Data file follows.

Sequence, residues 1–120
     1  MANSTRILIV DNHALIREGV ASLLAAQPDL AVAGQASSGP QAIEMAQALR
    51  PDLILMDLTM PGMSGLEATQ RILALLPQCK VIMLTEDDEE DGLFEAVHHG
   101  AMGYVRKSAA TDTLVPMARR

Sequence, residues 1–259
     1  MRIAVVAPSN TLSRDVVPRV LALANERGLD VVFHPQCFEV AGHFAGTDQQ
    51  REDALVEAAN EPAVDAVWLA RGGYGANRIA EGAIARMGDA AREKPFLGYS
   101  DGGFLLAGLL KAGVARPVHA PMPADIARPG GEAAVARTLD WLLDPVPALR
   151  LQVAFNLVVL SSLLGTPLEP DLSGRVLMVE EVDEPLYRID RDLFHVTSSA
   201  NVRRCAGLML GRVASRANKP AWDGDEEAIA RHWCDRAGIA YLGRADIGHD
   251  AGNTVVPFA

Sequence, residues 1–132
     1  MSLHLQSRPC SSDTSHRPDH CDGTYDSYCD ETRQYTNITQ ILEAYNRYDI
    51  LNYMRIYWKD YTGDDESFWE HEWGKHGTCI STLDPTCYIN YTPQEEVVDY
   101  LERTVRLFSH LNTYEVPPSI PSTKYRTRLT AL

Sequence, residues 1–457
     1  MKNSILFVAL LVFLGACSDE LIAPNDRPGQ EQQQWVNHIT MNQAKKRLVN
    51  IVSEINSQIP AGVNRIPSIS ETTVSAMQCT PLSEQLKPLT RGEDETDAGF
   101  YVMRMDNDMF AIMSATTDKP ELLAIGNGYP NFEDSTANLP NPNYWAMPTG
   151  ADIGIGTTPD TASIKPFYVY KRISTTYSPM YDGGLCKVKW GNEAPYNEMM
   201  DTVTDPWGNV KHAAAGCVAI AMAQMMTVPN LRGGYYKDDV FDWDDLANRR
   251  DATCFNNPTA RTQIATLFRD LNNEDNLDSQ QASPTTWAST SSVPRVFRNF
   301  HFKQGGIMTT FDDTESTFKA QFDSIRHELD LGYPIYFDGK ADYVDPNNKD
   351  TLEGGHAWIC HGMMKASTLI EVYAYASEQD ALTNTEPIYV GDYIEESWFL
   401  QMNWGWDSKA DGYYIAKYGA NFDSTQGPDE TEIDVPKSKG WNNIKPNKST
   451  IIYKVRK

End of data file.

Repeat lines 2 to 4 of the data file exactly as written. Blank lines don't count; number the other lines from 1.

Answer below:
     1  MANSTRILIV DNHALIREGV ASLLAAQPDL AVAGQASSGP QAIEMAQALR
    51  PDLILMDLTM PGMSGLEATQ RILALLPQCK VIMLTEDDEE DGLFEAVHHG
   101  AMGYVRKSAA TDTLVPMARR